How to Remove Warts With Compressed Air

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Warts--they're contagious. If they do go away on their own, it could take years. And they're ugly. They are manifestations of an infection of the human papillomavirus, or HPV. Most types can be easily treated. There are patch treatments, cryosurgery, other surgical options and topical solutions. The most popular and speediest remedies involve destroying the infected area by freezing, either in a clinical setting or with over-the-counter kits. Both can be a little expensive, so a low-cost, low-tech solution has emerged in the form of that little can of compressed air on the corner of your desk.

Things You'll Need

  • Compressed air
  • Cotton swabs

Begin by turning the can upside down. Compressed air products are nothing more than aerosol propellants that vaporize at standard temperature and pressure. To get at the liquid that's shaking around inside the can--rather than releasing it as air--flip the can over so the propellant is near the nozzle.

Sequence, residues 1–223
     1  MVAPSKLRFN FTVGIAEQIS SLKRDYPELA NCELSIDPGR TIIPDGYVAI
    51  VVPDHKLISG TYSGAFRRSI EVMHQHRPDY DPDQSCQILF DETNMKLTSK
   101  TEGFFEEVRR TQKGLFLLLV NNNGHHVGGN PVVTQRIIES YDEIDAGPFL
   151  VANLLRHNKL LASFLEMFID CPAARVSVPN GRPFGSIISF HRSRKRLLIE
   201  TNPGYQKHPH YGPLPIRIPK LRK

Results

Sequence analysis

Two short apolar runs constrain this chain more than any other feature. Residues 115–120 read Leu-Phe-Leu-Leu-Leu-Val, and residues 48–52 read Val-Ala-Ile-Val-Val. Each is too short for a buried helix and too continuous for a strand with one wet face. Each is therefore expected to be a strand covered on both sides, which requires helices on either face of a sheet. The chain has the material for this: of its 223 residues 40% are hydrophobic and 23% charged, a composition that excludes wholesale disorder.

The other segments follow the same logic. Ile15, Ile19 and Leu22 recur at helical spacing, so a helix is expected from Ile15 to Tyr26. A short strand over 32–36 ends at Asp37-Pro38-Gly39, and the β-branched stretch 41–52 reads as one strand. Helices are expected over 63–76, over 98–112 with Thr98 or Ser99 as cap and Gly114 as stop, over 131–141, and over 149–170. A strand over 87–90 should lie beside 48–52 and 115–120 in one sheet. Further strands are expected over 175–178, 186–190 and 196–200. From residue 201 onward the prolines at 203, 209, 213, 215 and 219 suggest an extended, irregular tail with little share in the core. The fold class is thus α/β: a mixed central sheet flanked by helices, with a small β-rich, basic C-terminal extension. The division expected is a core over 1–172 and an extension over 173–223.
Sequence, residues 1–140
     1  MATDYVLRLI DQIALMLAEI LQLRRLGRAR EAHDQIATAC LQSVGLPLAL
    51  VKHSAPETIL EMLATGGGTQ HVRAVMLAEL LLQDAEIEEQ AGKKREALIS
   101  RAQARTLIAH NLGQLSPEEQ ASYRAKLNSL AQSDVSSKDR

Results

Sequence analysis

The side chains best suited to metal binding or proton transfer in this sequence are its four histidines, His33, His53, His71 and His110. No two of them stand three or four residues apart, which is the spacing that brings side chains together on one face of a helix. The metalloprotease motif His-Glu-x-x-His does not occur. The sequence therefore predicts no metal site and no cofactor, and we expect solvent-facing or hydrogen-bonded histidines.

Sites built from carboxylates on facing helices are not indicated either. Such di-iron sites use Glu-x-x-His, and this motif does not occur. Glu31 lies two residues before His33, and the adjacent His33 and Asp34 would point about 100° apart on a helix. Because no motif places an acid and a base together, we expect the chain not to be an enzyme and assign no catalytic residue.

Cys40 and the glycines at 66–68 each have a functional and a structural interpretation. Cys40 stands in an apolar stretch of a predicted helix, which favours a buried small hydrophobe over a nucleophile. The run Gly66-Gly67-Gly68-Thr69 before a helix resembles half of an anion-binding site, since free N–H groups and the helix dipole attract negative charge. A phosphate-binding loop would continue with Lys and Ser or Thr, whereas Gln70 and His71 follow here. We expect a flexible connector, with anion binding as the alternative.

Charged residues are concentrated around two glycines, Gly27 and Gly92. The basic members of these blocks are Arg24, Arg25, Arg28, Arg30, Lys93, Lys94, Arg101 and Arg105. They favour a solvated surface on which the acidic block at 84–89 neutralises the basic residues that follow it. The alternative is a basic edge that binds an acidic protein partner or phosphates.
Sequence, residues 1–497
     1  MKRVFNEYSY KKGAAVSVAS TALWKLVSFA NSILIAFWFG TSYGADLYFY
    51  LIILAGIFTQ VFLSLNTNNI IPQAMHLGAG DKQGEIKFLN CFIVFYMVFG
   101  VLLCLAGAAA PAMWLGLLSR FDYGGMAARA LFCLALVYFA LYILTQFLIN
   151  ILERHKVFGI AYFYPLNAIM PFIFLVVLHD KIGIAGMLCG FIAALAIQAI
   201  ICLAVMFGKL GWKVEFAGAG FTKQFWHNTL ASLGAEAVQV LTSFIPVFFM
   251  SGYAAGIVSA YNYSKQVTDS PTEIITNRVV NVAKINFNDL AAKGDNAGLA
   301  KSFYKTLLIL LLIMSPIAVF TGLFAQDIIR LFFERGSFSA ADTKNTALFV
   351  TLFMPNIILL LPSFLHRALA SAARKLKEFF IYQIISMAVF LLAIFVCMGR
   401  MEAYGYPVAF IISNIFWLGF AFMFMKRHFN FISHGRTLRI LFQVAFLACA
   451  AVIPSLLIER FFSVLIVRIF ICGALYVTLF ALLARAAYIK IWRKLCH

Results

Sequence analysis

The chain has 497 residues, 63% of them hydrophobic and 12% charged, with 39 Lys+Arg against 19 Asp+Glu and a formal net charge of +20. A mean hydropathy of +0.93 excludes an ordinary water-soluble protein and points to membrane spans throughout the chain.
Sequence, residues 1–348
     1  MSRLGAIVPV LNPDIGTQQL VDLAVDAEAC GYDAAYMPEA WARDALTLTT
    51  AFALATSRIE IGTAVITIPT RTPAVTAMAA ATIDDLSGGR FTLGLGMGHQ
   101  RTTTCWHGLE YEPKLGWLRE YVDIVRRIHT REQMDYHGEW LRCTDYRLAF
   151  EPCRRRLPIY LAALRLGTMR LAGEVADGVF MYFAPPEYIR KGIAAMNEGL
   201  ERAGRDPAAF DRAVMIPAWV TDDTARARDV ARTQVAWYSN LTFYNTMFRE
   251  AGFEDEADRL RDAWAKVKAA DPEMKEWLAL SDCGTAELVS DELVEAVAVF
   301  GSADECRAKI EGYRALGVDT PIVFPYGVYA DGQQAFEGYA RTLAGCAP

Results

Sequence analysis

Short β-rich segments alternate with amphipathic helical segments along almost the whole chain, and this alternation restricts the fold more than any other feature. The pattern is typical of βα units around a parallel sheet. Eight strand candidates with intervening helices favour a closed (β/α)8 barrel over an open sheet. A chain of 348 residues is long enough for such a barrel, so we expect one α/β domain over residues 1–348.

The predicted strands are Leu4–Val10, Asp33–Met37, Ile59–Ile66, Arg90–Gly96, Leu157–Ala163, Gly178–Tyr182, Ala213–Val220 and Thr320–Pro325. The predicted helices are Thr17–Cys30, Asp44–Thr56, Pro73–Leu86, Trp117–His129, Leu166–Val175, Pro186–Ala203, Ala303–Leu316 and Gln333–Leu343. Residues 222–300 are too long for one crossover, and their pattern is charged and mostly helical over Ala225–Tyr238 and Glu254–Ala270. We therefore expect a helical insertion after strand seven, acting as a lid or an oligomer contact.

Place the swab against the nozzle and pull the trigger. Thoroughly soak the swab and take extra care not to get the propellant on any healthy skin.

Quickly press the soaked swab to the wart. Use light-to-medium pressure and hold the swab in place for 20 or 30 seconds. The temperature of the liquid nitrogen a dermatologist would use is far lower, so the sting felt when using the compressed air is less dramatic, according to Dr. Lin Lee, who works with the Minute Clinic system at CVS Pharmacies.

Use a little antiseptic to prevent infection. The wart should begin to die within a day or so, but a repeat application may be needed if the skin is not completely clear within two weeks, according to Lee.

Tips & Warnings

  • Once the propellant leaves its pressurized environment, it warms rapidly. Apply the swab immediately.
  • Do not use pressurized air around an open flame.

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